Tracking apps, wearables, and telemedicine services hold the potential to transform healthcare for women. But just how much autonomy do these digital tools provide over one’s wellbeing? And as traditional healthcare models diversify, how can they best harness tech to serve female patients?
Dominnique Karetsos specialises in growth for sex-, fem-, and medtech start-ups. She co-founded the Healthy Pleasure Collective, the first integrated agency for sextech start-ups, and the Intimology Institute, a sexual wellness school.
Jo O'Reilly is a digital privacy advocate and deputy editor at ProPrivacy, which aims to help users around the world reclaim their right to privacy through research, reviews, knowledge-sharing, investigations, and direct action.
Katie D. McMillan is a digital health consultant and founder of Wellmade Health. She offers digital strategy, marketing, and social media support to early- and mid-stage health-tech and femtech companies.
Richard Marshall heads up business development for CareClever, which makes Cutii, a companion robot for seniors. He has been an investor in health-tech, digital, and engineering start-ups.
Dr. Deborah Lupton is a SHARP Professor in the Centre for Social Research in Health at the University of New South Wales.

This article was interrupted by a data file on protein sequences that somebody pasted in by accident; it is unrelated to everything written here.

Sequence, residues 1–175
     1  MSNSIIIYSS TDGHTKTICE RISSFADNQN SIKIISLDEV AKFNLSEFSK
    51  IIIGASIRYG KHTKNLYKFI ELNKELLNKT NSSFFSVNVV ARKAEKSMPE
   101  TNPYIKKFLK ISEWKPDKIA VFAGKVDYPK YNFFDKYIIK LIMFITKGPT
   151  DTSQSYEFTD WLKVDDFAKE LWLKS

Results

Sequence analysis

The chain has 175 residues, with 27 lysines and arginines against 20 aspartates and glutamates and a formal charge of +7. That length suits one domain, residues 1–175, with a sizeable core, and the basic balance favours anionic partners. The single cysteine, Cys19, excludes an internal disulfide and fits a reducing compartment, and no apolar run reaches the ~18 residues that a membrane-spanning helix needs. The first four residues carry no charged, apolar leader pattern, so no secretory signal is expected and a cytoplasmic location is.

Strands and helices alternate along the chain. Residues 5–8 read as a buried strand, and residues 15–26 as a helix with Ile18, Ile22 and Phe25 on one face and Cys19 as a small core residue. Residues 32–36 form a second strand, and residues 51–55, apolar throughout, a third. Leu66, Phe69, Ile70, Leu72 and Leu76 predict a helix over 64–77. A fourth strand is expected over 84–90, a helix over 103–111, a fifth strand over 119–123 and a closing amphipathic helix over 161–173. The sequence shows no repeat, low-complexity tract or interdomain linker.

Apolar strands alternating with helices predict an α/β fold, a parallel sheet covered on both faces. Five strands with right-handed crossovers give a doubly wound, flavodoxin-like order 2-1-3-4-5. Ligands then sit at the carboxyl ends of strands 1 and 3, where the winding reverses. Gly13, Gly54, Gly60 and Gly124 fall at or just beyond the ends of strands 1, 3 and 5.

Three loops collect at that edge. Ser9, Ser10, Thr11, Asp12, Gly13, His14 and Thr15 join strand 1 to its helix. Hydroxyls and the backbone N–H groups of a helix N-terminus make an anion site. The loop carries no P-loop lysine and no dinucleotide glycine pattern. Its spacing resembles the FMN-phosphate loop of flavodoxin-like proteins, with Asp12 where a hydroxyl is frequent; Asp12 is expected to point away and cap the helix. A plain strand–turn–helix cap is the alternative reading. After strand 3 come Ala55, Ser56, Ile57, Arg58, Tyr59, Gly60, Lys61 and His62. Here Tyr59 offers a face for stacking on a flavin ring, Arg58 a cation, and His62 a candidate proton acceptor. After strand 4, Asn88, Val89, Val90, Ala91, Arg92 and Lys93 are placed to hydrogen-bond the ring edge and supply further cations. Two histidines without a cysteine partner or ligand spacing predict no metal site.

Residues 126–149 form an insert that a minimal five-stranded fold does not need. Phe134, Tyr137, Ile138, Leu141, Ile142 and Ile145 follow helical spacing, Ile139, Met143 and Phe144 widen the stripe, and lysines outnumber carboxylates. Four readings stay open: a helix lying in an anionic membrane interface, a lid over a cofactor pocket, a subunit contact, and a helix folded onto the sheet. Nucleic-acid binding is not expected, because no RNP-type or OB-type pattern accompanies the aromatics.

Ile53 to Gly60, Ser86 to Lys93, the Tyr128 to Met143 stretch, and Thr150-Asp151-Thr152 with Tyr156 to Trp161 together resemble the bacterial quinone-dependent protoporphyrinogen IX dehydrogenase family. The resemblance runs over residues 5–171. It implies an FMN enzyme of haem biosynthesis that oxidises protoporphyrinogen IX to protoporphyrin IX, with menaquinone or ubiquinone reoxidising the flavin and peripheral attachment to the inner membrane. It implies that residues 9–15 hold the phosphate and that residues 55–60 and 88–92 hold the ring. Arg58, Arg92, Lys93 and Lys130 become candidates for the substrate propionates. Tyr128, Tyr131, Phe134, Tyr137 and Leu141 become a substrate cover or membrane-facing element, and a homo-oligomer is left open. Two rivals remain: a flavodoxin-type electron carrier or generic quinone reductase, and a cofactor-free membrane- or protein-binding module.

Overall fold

Dr. Eduardo Hariton a clinical fellow in reproductive endocrinology and infertility at the University of California, San Francisco.
Francesca Baker is a journalist, content writer, and communications specialist. You can read more about her on her blog andsoshethinks.co.uk or follow her on Instagram @andsoshethinks.
Megan Carnegie is a journalist and editor. She has written for Courier, Time Out, Guardian Weekend, Creative Review, The Telegraph, Evening Standard, and more. Outside of work, she can be found reading, running, and killing off her houseplants.
Femtech is booming and now the successful breaking of stigma and taboo is translating to IRL. App turned gynecology clinic, Tia, is encouraging collaboration between consultant and patient, while tapping into women’s increased desires for control and understanding of their gynecological health.
All sorts of stigmas are being broken in today's beauty industry, but the needs of menopausal women are often ignored. Absent in ads and lacking products for their changing skin and hair, these women are now pushing brands to step up and address this ‘last taboo’ without any sugar-coating.
The Instagram account @SickSadGirlz was launched with one aim: to give a voice to sick or sad women around the world, often telling the stories of those with invisible illnesses. It's an example of how social media has transformed the way individuals can connect and seek support.
Period-proof underwear brand Thinx has launched a campaign that imagines a world where men have periods, asking: “If we all had periods, would we be more comfortable talking about them?” With menstruation still taboo in many cultures, the ad attempts to normalize periods.